Hay season ended early for many cattle producers in MFA country this year, mainly because there wasn’t much of it to cut. Cold, dry weather didn’t provide the spring growth cattlemen needed, and May was the hottest on record for Missouri. Compounding this year’s forage shortage, long-term precipitation deficits going back to summer of 2017 have made the hay supply situation even worse.
There are several means of addressing the situation. One is to bring in hay. While very effective, this can be difficult due to supply and availability issues. Reducing forage requirements and improving forage utilization are more viable options.
Reduce forage requirements
First, consider culling animals. If culling is inevitable, don’t put it off. Delaying the sale of at least part of the cattle inventory further reduces forage supply and potentially exposes you to greater market risk if the drought persists.
Wean calves early. Many dairy replacements are taken off milk or milk replacer at 1 month old, which is a bit young, but 60-90 days of age is certainly an effective solution. Weaning greatly reduces the cow’s energy requirement and helps her keep body condition, which means she is more likely to get bred. If you’re relying on pasture to put weight on cows, hold the quality pasture for calves. A better option is to put them in a yard and feed them. A calf under 400 pounds has a tough time gaining 2 pounds a day exclusively on forage, and putting the calves in a lot will further stretch forage for the cows. Small calves have excellent feed conversions. We routinely see feed conversions of 3.8 to 4 on calves fed MFA Cattle Charge or Full Throttle.
To reduce forage requirements, you can also feed concentrate to replace total digestible nutrients (TDN) and protein as well as provide adequate vitamin and mineral fortification. Feeding 6 to 7 pounds of forage extender cubes/pellets will replace 10 pounds of hay. I recommend MFA Forage Extender Cubes to help stretch forage supplies. A limit-fed concentrate program means cows are always happy to see you.
Consider tactics of maintaining the body condition score (BCS) of cows. The winter months are the most expensive time to put body condition on cows. Cows are not going to gain weight just after they calve and most likely not until they get adequate spring grass. Keeping cows in a BCS of more than 5 and heifers above 5.5 will allow them to use fewer total calories.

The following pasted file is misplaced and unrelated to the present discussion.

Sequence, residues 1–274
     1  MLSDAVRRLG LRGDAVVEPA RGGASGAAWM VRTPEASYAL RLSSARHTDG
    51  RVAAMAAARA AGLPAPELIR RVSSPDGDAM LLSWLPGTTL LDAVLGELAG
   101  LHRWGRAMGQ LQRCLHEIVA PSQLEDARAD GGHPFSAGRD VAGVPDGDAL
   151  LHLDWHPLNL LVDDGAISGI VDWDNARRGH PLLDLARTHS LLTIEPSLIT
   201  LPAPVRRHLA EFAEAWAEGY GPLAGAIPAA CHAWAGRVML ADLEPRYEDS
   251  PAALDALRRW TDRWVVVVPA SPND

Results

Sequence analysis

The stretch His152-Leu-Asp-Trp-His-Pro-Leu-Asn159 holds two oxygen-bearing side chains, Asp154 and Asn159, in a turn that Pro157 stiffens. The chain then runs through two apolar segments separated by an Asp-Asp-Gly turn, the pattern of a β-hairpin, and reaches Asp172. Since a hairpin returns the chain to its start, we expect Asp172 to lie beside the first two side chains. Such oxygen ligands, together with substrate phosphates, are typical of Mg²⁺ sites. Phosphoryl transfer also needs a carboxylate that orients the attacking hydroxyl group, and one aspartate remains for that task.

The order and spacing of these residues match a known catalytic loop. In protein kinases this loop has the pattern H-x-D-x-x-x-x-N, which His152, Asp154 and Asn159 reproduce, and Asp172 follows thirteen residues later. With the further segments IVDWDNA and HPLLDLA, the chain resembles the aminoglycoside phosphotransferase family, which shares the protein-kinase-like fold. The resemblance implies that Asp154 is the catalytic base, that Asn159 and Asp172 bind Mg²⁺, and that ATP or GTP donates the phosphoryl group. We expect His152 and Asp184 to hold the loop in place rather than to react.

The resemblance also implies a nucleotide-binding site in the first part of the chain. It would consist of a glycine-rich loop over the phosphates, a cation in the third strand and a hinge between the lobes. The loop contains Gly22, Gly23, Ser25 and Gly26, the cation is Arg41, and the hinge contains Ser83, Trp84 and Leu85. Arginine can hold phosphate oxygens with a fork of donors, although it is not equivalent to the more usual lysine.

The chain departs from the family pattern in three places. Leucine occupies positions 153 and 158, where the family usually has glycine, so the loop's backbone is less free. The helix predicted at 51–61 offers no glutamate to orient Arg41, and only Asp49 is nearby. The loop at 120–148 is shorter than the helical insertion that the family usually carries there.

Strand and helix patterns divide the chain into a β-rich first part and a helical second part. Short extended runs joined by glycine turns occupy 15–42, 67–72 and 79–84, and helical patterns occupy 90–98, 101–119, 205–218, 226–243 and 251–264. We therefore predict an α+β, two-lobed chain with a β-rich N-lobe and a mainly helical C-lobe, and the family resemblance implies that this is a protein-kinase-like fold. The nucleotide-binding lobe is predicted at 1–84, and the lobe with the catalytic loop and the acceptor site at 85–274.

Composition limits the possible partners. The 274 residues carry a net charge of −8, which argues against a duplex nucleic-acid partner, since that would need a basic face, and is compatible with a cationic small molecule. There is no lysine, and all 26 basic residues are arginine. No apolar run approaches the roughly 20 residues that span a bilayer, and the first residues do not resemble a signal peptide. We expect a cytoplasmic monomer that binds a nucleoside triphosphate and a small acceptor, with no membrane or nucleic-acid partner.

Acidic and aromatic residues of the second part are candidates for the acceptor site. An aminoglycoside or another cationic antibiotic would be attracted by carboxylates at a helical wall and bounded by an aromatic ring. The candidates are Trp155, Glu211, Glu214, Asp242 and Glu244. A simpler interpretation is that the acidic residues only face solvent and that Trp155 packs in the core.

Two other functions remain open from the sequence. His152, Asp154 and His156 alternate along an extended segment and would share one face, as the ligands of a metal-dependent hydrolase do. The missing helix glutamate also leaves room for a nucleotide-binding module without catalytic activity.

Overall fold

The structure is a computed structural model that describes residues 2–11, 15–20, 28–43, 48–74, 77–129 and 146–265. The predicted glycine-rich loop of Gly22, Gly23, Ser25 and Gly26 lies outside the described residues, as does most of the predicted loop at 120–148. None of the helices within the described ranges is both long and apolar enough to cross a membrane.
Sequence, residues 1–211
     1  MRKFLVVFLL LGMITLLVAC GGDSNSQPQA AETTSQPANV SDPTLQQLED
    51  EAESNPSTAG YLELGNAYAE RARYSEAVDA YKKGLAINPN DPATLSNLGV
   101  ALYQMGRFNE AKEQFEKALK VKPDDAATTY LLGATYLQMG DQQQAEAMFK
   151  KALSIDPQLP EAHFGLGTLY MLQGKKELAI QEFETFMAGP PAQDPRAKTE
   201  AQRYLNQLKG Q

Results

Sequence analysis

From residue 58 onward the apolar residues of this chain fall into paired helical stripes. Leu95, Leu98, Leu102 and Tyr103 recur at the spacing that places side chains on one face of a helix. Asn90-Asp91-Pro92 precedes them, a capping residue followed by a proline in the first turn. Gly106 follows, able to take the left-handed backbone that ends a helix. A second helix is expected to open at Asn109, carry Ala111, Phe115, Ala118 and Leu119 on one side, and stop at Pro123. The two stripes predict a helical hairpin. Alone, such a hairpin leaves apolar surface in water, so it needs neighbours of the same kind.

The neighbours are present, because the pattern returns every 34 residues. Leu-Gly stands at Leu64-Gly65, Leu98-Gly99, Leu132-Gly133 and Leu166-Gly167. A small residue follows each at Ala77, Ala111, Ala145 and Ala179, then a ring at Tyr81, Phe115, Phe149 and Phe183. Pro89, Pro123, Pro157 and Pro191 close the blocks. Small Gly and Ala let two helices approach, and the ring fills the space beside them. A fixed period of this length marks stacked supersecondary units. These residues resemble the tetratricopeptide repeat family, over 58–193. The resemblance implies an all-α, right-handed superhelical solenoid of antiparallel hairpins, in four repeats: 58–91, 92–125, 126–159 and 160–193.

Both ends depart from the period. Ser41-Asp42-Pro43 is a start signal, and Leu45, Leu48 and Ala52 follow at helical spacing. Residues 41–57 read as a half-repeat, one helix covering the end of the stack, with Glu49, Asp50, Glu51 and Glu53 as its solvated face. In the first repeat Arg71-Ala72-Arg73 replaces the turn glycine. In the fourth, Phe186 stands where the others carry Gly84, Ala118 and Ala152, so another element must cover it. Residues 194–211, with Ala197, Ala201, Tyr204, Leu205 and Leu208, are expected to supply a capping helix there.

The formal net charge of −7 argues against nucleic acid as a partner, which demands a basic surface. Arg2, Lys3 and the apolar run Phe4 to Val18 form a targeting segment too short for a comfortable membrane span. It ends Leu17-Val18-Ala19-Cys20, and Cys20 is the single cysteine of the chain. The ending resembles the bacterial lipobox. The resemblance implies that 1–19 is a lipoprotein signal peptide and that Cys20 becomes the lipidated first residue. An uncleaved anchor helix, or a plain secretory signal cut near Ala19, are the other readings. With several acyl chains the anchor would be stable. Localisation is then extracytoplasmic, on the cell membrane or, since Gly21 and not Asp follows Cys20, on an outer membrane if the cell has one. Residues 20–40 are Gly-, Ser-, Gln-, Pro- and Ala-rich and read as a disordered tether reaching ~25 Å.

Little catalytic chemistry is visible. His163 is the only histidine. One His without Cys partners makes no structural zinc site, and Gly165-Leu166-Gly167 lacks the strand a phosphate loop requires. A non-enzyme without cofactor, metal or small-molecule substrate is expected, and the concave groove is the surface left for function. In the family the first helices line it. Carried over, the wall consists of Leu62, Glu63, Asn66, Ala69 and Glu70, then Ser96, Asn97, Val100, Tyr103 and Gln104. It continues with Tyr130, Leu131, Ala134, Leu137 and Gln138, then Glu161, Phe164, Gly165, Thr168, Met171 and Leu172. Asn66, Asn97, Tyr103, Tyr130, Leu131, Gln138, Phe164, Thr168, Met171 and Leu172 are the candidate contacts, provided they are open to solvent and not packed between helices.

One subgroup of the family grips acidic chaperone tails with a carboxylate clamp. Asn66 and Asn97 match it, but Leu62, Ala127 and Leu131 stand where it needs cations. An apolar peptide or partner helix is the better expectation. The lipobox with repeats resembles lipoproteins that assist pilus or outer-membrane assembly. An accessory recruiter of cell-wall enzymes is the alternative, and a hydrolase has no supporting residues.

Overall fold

Improve forage utilization
Treating low-quality forages with oxides, such as ammonia and calcium oxide, improves fiber digestibility and energy value. The ammonia treatment raises the crude protein equivalent. Keep in mind, there are handling issues when oxide-treating forages, so be sure to know what you are doing before you start.
Start feeding hay and/or supplements before pastures become too short. This will stretch pasture forages, reduce the incidence of overgrazing and ensure that cows do not become thin before winter. Lower-quality hay could be fed now and pastures grazed during late fall and early winter, assuming we get some moisture to stimulate fall regrowth. But as we know, in the Midwest, a normal August is hot and dry.
To improve forage utilization and harvest efficiency, strip graze or rotationally graze pastures. Likewise, feeding a total mixed ration in a yard improves harvest efficiency.
Feed a balanced supplement, making sure you don’t overfeed starch, protein, etc.
Provide an ionophore such as MFA 14% Stock Grower BT or Super Beef Supplement with Rumensin. The higher the energy of the feed, the bigger the response to using an ionophore. On a rough forage base, the best rate of Rumensin might be 100 milligrams per head per day for brood cows. On an all-they-can-eat, 200-bushel-per-acre corn silage buffet, they will take 300 milligrams per day and think it is a good start.
The National Drought Mitigation Center’s long-term and short-term drought models are online at droughtmonitor.unl.edu. If you’re looking for ways to stretch your forage supplies, talk with your MFA feed specialist about recommendations for your farm.